Criminon, however, openly denies that it is overtly connected to and supportive of Scientologist recruitment efforts, even going so far as to say that it is a secular program.
“Criminon is not licensed to use and does not utilize the religious writings and technologies of Mr. Hubbard. It has the secular purpose of eradicating the scourge of crime which plagues and, often, terrorizes our societies,” the program’s website reads.
Ex-members of the group, academic experts, and those who have long covered the cult’s activities and scandals say otherwise.
“L. Ron Hubbard has very precise policies contained in their Public Relations doctrine that state in part that Scientologists are to ‘align themselves with real churches and push forward the public image that Scientology is the solution to man’s ills,'” actress and Scientology whistle-blower Leah Remini told The Daily Beast.
“Criminon is just another front group for Scientology. This is just a play for Scientology to get the government to pay for its Scientology technology with its Criminon program,” Remini added.
Professor Stephen Kent of the University of Alberta echoed Remini’s evaluation of Criminon, but also clarified that Criminon is one of several tools the CoS is using to attack and replace psychiatry with the CoS’ technology and philosophy, thereby gaining converts among those who seek and need the help that psychiatry offers.
Scientology’s design “is to destroy psychiatry and replace it with Scientology’s own treatments. Criminon is simply one of many Scientology organizations that hope to see this goal realized,” Kent told the Los Angeles Times in 2005.
A Criminon booklet obtained by the Times speaks to that goal. The booklet denounces the efforts of psychiatrists in prisons and alleges that prisoners are forcibly drugged simply to keep them from causing trouble.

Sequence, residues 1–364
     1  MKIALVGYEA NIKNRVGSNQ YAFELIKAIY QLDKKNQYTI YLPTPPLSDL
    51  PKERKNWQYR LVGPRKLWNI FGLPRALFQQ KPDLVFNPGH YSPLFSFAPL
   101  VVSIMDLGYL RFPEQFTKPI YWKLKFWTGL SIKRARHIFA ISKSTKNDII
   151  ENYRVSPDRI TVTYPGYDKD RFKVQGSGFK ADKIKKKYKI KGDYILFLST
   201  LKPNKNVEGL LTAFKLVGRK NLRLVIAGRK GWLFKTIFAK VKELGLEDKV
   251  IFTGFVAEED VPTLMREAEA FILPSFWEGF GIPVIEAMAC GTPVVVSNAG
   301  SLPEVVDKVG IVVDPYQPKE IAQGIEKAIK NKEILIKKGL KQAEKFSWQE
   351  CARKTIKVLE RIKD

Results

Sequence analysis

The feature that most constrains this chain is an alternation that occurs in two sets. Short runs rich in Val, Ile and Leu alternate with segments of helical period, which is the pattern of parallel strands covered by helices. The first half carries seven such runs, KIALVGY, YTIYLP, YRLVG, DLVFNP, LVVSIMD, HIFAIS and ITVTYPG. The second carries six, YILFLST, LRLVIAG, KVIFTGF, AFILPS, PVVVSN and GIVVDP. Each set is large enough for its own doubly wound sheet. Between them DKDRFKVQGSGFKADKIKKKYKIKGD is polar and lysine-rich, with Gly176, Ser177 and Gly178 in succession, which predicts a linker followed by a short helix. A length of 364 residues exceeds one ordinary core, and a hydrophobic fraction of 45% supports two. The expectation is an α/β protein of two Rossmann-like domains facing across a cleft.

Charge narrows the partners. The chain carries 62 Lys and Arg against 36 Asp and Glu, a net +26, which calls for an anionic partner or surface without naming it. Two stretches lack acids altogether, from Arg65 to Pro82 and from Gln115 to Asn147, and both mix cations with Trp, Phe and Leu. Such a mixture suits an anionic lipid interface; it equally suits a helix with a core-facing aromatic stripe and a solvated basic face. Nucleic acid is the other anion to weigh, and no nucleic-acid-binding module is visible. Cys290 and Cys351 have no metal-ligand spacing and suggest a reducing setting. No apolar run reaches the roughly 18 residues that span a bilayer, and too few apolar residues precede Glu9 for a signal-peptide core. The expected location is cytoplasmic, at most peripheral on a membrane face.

“If [inmates] are on psychiatric drugs, encourage them to get off,” the booklet reads. “Psychiatrists are heavily into the prison system. Most jails and prisons have a staff psychiatrist that goes in daily and gives dosages of various and sundry mind-altering drugs to the inmates. Most of the time this is a ploy to keep the inmates sedated so that they don’t cause trouble.”
As for how the CoS became one of the signatories on the December 17 letter to President Donald Trump, Kevin Ring, the president of FAMM, said they were simply “one of the groups that asked to sign.”
“We reached out to members of the Justice Roundtable through the listserv—that’s how we usually solicit folks who wanted to sign—and they were one of the groups that asked to sign,” Ring said.
John Stanard, director of the CoS’ Social Betterment Programs and Policy, is in fact a member of both the Interfaith Criminal Justice Coalition and Justice Roundtable.
Ring said, however, that the group’s inclusion with the other signatories was “worth us reconsidering” when asked why an organization with a sordid history of scandal, harassment of former members, and alleged systematic abuse would be numbered among the coalition.